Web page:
Stem cell therapy is a promising and fast evolving treatment for individuals with spinal cord injuries. Clinical trials with humans are already underway.
Different types of stem cells have different and varied abilities that can help restore function, and an ideal treatment protocol remains unclear pending further clinical research, according to a new literature review, published in the April issue of the Journal of the American Academy of Orthopedic Surgeons (JAAOS).
“Stem cell treatment is a realistic hope for spinal cord injury patients,” says lead author Gregory D. Schroeder, MD, a spine research and clinical fellow at the Rothman Institute at Thomas Jefferson University in Philadelphia.
The authors evaluated research findings on different types of stem cells:
Mesenchymal stem cells (MSCs) are most commonly harvested from bone marrow and can prevent the activation of inflammatory responses that lead to cell death.
Functional recovery using MSCs in spinal cord injury patients has been mixed.
Peripheral nervous system stem cells can secrete nerve growth factor that aids cell growth and can act as replacement cells temporarily.
Limited studies are promising, with one showing marked improvement in sensory scores but no improvement in motor function.
Embryonic stem cells are resilient and many animal studies have shown that embryonic stem cells limit inflammatory responses and promote cell growth.
Very few human studies have been published about embryonic stem cell treatment for spinal cord injury patients.
Induced pluripotent stem cells (iPSCs) are derived from adult skin cells and are the newest stem cell being investigated for use in treating spinal cord injuries. To date, no clinical studies have been published. Early animal studies indicate these cells offer benefits similar to those of embryonic cells without ethical issues (Schroeder, 2016).
Stem Cell-Based Therapies
There is currently no treatment available that restores the injury-induced loss of function to a degree that an independent life can be guaranteed for individuals with spinal cords injuries.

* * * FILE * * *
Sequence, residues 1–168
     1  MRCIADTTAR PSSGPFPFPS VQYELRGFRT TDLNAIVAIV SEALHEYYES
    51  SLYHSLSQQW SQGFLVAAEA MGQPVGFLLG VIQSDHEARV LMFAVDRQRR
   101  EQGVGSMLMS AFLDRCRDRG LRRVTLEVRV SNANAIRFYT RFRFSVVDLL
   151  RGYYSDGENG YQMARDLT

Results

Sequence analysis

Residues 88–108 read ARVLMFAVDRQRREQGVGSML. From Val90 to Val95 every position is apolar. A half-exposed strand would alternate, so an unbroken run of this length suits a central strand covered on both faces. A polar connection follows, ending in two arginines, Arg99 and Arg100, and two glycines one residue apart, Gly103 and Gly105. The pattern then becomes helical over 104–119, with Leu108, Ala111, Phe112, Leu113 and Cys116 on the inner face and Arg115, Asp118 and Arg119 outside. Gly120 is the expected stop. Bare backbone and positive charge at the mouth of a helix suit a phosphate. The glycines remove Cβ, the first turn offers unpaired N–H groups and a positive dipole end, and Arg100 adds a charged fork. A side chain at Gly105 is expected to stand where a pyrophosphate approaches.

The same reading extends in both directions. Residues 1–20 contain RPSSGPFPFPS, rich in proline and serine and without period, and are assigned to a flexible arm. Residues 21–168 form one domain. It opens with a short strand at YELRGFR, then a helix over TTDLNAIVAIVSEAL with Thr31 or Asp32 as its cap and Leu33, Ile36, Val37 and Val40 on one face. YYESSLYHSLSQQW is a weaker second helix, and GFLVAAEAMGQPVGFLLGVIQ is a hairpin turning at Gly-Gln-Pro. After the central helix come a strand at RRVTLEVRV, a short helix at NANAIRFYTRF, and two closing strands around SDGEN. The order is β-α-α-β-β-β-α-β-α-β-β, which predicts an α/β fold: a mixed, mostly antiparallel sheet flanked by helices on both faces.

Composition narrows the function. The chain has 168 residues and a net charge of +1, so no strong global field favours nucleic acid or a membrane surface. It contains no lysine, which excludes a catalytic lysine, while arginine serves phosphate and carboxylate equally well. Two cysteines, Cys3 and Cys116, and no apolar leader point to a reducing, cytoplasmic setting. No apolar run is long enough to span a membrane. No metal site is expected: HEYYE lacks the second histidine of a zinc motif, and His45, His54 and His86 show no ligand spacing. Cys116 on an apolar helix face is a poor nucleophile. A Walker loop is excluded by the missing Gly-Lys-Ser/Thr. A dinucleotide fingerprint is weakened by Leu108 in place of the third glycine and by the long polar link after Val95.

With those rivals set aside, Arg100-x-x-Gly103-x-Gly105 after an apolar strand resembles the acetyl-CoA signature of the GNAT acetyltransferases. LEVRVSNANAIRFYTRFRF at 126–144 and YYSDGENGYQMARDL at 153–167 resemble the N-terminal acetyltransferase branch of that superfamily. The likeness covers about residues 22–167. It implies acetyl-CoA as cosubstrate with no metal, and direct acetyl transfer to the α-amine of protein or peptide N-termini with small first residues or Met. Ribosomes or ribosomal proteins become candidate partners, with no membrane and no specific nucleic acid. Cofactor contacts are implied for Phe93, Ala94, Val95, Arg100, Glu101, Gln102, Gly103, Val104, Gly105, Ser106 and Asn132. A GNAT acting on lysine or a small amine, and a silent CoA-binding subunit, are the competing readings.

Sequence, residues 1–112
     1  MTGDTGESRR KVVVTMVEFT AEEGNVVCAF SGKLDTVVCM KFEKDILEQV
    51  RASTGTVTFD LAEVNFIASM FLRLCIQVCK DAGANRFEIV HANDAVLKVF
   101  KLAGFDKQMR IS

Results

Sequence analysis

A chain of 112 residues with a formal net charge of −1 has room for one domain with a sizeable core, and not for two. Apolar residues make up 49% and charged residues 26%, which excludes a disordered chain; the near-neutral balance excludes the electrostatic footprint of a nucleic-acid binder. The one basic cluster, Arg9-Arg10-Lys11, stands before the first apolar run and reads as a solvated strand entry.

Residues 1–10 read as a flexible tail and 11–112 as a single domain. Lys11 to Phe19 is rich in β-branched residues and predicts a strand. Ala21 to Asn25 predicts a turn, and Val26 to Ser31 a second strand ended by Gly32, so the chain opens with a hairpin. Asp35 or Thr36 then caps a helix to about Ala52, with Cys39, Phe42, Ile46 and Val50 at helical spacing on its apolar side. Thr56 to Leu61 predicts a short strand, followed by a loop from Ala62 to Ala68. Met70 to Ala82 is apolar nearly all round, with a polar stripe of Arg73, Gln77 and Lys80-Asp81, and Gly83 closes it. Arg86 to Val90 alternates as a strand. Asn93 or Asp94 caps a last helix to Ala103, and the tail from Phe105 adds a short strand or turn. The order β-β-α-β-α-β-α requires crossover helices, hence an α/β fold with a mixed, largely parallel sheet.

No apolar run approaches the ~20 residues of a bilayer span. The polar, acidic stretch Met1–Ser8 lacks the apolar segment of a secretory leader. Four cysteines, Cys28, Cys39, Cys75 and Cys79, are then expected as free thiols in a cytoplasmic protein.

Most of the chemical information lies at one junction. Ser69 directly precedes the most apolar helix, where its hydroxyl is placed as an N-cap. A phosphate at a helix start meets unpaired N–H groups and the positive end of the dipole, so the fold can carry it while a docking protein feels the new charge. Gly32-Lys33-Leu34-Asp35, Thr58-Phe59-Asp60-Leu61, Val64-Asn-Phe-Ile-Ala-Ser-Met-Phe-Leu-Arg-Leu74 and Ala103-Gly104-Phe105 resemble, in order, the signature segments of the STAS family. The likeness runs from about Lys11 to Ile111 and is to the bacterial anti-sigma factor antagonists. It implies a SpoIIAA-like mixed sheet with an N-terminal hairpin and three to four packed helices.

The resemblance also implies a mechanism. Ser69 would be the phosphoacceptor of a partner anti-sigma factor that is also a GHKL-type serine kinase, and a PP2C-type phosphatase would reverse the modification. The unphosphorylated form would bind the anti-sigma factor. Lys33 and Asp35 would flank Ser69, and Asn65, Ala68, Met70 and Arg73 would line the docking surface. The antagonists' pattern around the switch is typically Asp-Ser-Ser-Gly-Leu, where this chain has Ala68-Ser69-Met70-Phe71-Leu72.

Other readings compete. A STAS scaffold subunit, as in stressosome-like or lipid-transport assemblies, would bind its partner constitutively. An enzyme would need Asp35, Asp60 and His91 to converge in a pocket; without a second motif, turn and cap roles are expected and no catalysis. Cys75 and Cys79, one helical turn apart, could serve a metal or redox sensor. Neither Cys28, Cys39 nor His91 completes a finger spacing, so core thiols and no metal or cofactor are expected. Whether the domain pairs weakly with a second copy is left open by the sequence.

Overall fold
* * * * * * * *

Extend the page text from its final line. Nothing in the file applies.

Exciting research shows that the transplantation of stem cells or progenitors may support spinal cord repair.
Stem cells are characterized by self-renewal and their ability to become any cell in an organism.
Promising results have been obtained in experimental models of SCI showing that stem cells can be directed to differentiate into neurons or glia in vitro, which in turn can be used for the replacement of neural cells lost after SCI.
Additionally, neuroprotective and axon regeneration-promoting effects have been credited to transplanted stem cells.
There are still some issues related to stem cell transplantation that must be resolved, including ethical concerns.
A Case Study
In March 2016, Kristopher Boesen was in a car accident that paralyzed him from the neck down.
After the accident, he had difficulty breathing on his own due to his injuries and was told he may never be able to regain control of his limbs again.
He could undergo the standard surgery given to patients suffering from a spinal cord injury that would stabilize the spine, but it would most likely do little to nothing for his motor and sensory functions.
Boesen chose not to do this surgery but rather enroled in a clinical trial being done involving treatment with stem cells (Team, 2017).
After just two weeks, he was able to regain some minor motion in his arms and hands and after about three months he was able to write his own name with pen and paper and accomplish many other normal daily tasks. He has gone from having complete immobility to being able to function on his own again (Team, 2017).
Schroeder, G.D., et. all, 2016. The Use of Cell Transplantation in Spinal Cord Injuries. Journal of the American Academy of Orthopaedic Surgeons, 24(4), pp.266–275
Team, C., 2017. First Paralyzed Man Treated With Stem Cells Has Regained Movement. Spinal Cord Injury & Brain Injury Resource Center. Available at: https://www.spinalcord.com/blog/first-paralyzed-man-treated-with-stem-cells-has-regained-movement [Accessed November 12, 2018]